Rating: 3 and a half stars

Review: I got this book from my local library, and honestly? I was expecting to enjoy it more than I did.

Set in a dystopian world where the goverment decides what your optimal age is for getting married, having kids, dying, and where they decide who you marry, everything seems ideal. Nothing is left to chance. Cassia’s Matching seems to go perfectly – she gets paired with her best friend, who’s pretty awesome in his own right – but then things start happening, and she isn’t sure what’s right.

Am I the only who thinks that Cassia’s a very unlikable character? I just found her to be so damn irritating in so many ways. I mean, all she had to do was be with Xander, and not poke her nose into anything else. Yet she couldn’t even do that. I just didn’t like her throughout the book.

I liked Ky Markham though – he was, in my opinion, one of the the few characters who didn’t have the personality of a robot. I really liked the writing scenes, because it showed Ky’s personality, not his social status, and that he really does have a heart.

I’m rating this book as a ‘three-and-a-half stars’ book, because even through the good parts of the book, I think it’s too similar to other dystopian books out there at the moment – a goverment who has changed a lot, but over the generations, it’s become normal even though it’s messed up.

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I probably won’t read the second one, but if you like dystopians, I recommend at least trying this one. Who knows, maybe you’ll like it more than I did.

Man Crush Monday #2 (16/01/17)

 

Man Crush Monday is a weekly meme hosted by Sheri, aka Read In A Flash.Read In A Flash. This is the place where I tell you every week about the bookish men I’m hopelessly devoted to. Trust me, it’s a long, and ever-growing list.

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This week’s Man Crush Monday is Jem Carstairs from the Infernal Devices series by Cassandra Clare.

 

 

“Will has always been the brighter burning star, the one to catch attention — but Jem is a steady flame, unwavering and honest. He could make you happy.”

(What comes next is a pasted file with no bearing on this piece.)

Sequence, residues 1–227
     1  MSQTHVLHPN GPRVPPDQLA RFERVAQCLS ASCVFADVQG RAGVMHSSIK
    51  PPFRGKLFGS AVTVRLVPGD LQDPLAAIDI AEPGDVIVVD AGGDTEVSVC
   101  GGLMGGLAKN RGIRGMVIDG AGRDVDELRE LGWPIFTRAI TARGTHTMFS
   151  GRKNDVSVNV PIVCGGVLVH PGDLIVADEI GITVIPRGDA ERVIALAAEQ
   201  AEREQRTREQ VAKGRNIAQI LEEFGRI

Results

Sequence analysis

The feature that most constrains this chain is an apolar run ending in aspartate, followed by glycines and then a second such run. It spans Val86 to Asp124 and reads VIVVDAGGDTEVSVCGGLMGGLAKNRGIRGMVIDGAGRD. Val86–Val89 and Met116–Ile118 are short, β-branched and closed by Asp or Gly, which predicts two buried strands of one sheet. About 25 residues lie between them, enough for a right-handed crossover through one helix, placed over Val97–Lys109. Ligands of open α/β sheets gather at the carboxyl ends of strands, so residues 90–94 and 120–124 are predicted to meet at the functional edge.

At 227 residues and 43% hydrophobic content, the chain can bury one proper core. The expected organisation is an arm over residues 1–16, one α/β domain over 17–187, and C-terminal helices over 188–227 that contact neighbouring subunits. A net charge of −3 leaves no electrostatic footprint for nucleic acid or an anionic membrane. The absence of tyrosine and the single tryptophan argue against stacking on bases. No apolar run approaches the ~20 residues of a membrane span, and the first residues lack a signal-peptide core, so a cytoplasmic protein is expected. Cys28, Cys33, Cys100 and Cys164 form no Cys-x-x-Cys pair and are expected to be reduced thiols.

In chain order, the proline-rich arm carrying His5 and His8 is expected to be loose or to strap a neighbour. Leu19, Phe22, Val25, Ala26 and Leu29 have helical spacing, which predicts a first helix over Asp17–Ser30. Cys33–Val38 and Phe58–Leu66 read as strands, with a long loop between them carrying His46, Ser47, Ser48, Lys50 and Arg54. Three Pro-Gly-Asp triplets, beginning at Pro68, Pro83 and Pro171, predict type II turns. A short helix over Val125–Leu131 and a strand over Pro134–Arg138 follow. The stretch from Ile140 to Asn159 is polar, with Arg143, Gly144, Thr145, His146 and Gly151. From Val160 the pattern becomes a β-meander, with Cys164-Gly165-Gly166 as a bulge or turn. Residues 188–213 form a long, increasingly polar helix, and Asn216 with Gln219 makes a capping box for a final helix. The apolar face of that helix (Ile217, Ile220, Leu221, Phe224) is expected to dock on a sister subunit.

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“Will: “Nice place to live, isn’t it? Let’s hope they left something behind other than filth. Forwarding addresses, a few severed limbs, a prostitute or two …”

Jem: “Indeed. Perhaps, if we’re fortunate, we can still catch syphilis.”

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“I can offer you my life, but it is a short life; I can offer you my heart, though I have no idea how many more beats it shall sustain.”

 

Oh, will the list of handsome Shadowhunters never end? This particular Shadowhunter’s got me like:

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Book Review – Making Love

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Title: Making Love

Author: Aidan Wayne

Synopsis: Carla the cupid is an excellent shot, but her chemistry is so bad that most of her matches don’t last. Her dream is to shoot a True Love pair, but until her scores improve, she’s relegated to the Puppy Love division of Aphrodite Agency.

Leeta, a succubus, is looking for a True Love match. Which is highly unusual, as most succubi are aromantic. But Aphrodite Agency—her only hope—turns her away because the receptionist can’t believe she’s not just looking for an easy meal.

Carla agrees to take Leeta’s case on freelance. She figures it’s a win-win: Carla gets to put a succubus’s True Love match on her résumé, and Leeta gets to find her True Love! Except as Carla tries to find a match for Leeta, she finds herself maybe . . . relieved when the matches don’t end well. And Leeta seems to be getting pickier and pickier. Things will never work out until Carla learns enough about chemistry to figure out who’s truly best for Leeta, and until Leeta can admit what—or who—she truly wants.

Rating: 3 stars

Review: I received this title from the publisher via Netgalley in exchange for an honest review.

This was an incredibly short read – only just under 100 pages long in total – but it was sweet. When I saw this on Netgalley, I was intrigued by the notion of a romance between a succubus and a cupid, so I gave it a go.

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Personally I found it to be overly brief, if that makes any sense? There wasn’t a lot of character building, and everything seemed to be over with very quickly. If it had been a full length novel, I would have gotten into it more, but this was very short and over too fast.

 

 

The concept is fantastic, I admit, and after finishing my last ARC (a serious romance novel), I was delighted to be able to indulge in a spot of super-cute fluffiness, because it really was very cute. I loved the upbeat nature of Carla, and her determination to find True Love for everyone, even for someone whom everyone says is incapable of True Love. I do wish we had more character building for Carla and Leeta though – they have the potential for so much development, but the novella was so short that their whole interaction seemed rushed.